On 14 March 1950 a number of Royal Air Force, Avro Lincoln's from No. 230 Operational Conversion Unit RAF took off from RAF Scampton bound for RAF Hemswell, England on a night-time cross-country exercise. In the early hours of 15 March a controller at RAF Barton Hall instructed three of the Lincolns to divert to RAF Valley, Anglesey, Wales due to bad weather at RAF Scampton. It was at 2:55 am GMT that one of the Avro Lincoln's (RF511) had gone missing and the other two aircraft landed safely five minutes later. The wreckage of RF511 was found at 5:20 GMT on Carnedd Llewelyn and it was confirmed that all six crew had died. The subsequent Court of Inquiry determined that the likely cause of the crash was pilot error; the crew had turned onto a southeasterly course over Anglesey instead of the reciprocal out to sea. The pilot misheard the instruction to "turn 180 degrees" as "turn 80 degrees", resulting in a controlled flight into terrain.[11][12][13][14][15]

The wreckage of RF511 remains on the mountain, and in 2002 a memorial plaque was placed at the crash site.

Cultural referencesEdit

The mountain features in Welsh poetry and literature; the earliest known work is a poem by Rhys Goch Eryri, Carnedd Llywelyn, composed c. 1400.


  1. ^ Dawson, Alan (1997). The Hewitts and Marilyns of Wales. Cambuskenneth, Stirling: TACit Press. ISBN 0-9522680-6-X. Archived from the original on 2006-12-05.
  2. ^ "Geograph:: Llyn Ffynnon Llyffant - the highest lake... © Eric Jones cc-by-sa/2.0". Retrieved 2021-07-29.
  3. ^ Edmund Vale (editor) (1958). Snowdonia National Park Guide. HMSO.CS1 maint: extra text: authors list (link)
  4. ^ Nuttall, John & Anne (1999). The Mountains of England & Wales – Volume 1: Wales (2nd ed.). Milnthorpe, Cumbria: Cicerone. ISBN 1-85284-304-7.
  5. ^ R. F. Walker; et al. (1972). "Hubert de Burgh and Wales, 1218–1232". The English Historical Review: 466–494.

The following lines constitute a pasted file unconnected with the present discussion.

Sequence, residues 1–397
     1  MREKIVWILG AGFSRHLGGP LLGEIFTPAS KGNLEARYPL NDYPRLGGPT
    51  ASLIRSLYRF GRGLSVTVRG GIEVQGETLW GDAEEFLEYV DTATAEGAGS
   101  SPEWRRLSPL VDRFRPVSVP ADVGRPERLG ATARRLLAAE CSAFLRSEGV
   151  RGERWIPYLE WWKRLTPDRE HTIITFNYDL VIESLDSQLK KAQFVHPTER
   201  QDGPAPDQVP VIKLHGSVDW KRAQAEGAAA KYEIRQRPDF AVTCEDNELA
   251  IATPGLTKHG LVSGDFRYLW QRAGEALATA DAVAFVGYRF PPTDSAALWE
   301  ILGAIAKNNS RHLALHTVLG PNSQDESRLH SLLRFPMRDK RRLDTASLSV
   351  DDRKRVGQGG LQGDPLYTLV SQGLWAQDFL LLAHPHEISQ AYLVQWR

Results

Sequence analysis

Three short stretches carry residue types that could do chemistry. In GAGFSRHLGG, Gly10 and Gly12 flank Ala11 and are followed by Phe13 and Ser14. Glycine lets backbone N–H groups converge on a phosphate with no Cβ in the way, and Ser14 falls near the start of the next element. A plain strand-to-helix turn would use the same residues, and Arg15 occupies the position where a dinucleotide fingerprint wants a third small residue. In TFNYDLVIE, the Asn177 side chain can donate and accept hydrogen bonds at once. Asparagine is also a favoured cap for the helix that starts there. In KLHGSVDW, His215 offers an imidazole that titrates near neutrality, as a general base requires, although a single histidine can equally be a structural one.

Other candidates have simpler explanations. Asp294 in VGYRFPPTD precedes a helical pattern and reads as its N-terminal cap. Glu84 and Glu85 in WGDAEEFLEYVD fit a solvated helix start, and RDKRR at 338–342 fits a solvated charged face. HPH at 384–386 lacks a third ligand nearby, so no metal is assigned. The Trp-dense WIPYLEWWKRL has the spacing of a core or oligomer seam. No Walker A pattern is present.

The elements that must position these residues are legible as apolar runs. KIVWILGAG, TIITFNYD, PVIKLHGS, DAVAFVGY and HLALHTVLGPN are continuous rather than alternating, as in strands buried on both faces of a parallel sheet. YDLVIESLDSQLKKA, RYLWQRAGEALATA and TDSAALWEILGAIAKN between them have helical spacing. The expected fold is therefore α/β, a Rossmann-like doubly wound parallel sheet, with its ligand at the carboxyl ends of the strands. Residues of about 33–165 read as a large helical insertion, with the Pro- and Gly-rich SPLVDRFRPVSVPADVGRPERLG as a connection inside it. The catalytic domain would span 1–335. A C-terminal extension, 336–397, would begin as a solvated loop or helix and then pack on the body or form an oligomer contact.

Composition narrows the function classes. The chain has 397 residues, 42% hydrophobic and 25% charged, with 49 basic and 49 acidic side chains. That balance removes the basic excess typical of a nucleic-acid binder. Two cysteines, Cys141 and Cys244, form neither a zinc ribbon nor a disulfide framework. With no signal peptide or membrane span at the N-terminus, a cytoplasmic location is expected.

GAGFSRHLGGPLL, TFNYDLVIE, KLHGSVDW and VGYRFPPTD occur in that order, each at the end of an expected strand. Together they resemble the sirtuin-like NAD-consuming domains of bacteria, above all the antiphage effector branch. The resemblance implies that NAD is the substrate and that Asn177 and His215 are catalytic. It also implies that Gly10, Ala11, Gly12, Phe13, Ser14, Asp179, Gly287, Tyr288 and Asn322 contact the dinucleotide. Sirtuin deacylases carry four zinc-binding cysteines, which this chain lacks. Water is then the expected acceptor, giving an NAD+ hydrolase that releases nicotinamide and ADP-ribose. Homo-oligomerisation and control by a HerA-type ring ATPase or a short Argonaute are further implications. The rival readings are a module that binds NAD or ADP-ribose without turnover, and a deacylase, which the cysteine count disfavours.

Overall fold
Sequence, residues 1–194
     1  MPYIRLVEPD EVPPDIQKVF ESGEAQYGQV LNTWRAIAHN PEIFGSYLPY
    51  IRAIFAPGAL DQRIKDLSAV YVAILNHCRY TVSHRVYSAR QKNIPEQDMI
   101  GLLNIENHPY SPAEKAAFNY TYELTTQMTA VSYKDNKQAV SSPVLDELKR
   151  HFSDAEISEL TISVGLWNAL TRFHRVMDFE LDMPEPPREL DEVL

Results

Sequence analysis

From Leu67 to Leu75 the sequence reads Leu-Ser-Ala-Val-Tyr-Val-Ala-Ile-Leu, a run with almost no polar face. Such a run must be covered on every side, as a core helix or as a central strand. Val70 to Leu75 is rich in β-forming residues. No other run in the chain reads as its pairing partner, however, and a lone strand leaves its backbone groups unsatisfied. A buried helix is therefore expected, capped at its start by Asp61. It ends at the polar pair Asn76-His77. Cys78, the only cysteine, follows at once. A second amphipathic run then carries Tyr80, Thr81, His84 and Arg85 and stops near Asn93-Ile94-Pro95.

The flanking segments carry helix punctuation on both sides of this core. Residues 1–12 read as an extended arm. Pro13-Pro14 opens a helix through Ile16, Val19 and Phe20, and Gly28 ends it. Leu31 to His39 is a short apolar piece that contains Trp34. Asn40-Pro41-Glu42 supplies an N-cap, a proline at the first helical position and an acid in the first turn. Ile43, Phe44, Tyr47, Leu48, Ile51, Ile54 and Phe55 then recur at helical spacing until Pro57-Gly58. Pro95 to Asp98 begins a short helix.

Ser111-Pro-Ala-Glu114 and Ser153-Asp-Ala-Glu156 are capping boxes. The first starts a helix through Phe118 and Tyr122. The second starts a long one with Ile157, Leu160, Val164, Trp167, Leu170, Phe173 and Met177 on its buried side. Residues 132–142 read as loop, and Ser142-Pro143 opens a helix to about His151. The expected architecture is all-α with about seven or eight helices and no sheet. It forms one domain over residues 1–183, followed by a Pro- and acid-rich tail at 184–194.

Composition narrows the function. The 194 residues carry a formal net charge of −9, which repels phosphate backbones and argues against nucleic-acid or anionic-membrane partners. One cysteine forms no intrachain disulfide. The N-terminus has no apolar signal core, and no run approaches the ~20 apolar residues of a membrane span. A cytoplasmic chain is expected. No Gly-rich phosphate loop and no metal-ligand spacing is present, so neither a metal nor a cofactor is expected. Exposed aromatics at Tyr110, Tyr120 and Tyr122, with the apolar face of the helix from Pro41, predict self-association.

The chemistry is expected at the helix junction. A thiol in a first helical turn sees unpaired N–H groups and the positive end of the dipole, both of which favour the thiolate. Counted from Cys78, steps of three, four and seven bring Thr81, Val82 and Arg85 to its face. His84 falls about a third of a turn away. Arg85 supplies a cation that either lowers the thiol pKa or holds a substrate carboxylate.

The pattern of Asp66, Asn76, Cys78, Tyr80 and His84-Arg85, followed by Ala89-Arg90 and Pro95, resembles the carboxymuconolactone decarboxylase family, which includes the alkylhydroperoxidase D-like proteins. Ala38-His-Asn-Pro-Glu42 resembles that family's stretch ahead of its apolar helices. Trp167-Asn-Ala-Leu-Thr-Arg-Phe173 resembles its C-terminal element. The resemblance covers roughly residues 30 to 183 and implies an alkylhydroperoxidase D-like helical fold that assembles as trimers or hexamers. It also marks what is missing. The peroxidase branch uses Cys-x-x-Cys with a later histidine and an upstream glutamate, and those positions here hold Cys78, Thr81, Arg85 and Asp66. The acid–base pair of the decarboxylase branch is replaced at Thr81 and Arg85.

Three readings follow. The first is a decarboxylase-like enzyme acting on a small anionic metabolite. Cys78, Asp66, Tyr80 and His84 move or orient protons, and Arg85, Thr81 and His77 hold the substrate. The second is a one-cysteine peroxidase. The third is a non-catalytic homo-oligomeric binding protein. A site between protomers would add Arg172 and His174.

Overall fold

6. ^ Carr & Lister (1925). The Mountains of Snowdonia. London: Lockwood Press.
  7. ^ For example, John and Anne Nuttall, The Hewitts and Marilyns of Wales, cited above; or Irvine Butterfield, The High Mountains of Britain and Ireland (Diadem, 1986).
  8. ^ Snowdonia National Park Authority: Snowdonia's Mountains Archived October 24, 2014, at the Wayback Machine
  9. ^ For example, Dewi Tomos, Eryri (Gwasg Carreg Gwalch, 2005); Colin Marsh, The Mountain Walker's Guide to Wales (Gwasg Carreg Gwalch, 2002); or Harvey Superwalker Waterproof Map, Snowdonia, the Glyderau and the Carneddau (Harvey Maps, 2003).
  10. ^ G. H. Howe & P. Thomas, Welsh Landforms & Scenery (Macmillan, 1963); Physical Names for the Map of Britain: Discussion (The Geographical Journal (102), 1943); or M. O. Hill, D. F. Evans & S. A. Bell, Long Term Effect of Excluding Sheep from Hill Pastures in North Wales (The Journal of Ecology (80), 1992).
  11. ^ "1950-03-15|Lincoln B. Mk.2|RF511|No.230 OCU, RAF|Carnedd Llewelyn, Gwynedd". 27 July 2016.
  12. ^ Zx, Matt (2009-05-12). "wreck site uk: lincoln RF511". wreck site uk. Retrieved 2021-07-29.
  13. ^ Stephen, Graham (2009-11-08). "Cwm Llafar – Avro Lincoln, RF511, 230 Operational Conversion Unit, 15 Mar 1950 (9)". GeoTopoi. Retrieved 2021-07-29.
  14. ^ "English". Coflein. Retrieved 2021-07-29.
  15. ^ Youngs, Kelvin. "Aircrew Remembered Aviation Personal Histories and Databases". Aircrew Remembered site. Retrieved 2021-07-29.

Further readingEdit

  • Adams, Colin (2002). The Mountain Walker's Guide to Wales. Gwasg Carreg Gwalch. ISBN 0-86381-725-4.
  • Rees, Ioan Bowen (1995). The Mountains of Wales: an anthology in verse and prose. University of Wales Press. ISBN 978-0-7083-1163-9.
  • Tomos, Dewi (2005). Eryri. Gwasg Carreg Gwalch. ISBN 0-86381-994-X.
  • Lowe, W. Bezant (1927). The heart of Northern Wales: Vol. II.
  • Roberts, Geraint (1995). The Lakes of Eryri. Gwasg Carreg Gwalch. ISBN 0-86381-338-0.
  • Royal Commission on Ancient Monuments Wales (1956). Caernarvonshire, Volume 1: East.

External linksEdit